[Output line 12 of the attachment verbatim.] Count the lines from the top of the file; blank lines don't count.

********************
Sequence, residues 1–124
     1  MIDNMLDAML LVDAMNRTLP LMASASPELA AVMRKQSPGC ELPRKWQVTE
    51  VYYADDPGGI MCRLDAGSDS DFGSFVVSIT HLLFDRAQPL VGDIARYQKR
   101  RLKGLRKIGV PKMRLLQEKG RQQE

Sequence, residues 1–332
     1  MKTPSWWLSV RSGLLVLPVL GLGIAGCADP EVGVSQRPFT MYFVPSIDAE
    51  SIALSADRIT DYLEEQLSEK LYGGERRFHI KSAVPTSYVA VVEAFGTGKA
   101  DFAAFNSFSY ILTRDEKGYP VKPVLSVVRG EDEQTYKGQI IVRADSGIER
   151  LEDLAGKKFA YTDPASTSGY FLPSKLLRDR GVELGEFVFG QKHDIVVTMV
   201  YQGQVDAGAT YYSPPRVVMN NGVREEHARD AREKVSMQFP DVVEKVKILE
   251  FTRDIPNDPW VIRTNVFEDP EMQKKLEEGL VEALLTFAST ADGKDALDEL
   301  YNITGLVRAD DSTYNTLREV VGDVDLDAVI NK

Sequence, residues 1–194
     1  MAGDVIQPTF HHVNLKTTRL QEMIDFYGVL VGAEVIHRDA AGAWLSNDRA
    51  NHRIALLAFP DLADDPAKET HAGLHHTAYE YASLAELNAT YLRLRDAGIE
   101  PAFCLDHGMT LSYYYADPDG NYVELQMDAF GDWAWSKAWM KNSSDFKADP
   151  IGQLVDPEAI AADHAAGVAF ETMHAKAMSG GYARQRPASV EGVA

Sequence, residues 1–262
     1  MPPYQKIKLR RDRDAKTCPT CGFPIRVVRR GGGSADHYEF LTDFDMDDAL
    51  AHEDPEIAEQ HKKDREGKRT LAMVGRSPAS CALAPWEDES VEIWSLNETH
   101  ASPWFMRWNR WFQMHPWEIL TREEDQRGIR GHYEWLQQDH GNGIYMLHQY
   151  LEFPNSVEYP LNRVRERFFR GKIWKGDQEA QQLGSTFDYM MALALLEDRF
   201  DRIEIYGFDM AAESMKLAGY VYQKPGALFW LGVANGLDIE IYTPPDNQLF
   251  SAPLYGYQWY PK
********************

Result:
   301  YNITGLVRAD DSTYNTLREV VGDVDLDAVI NK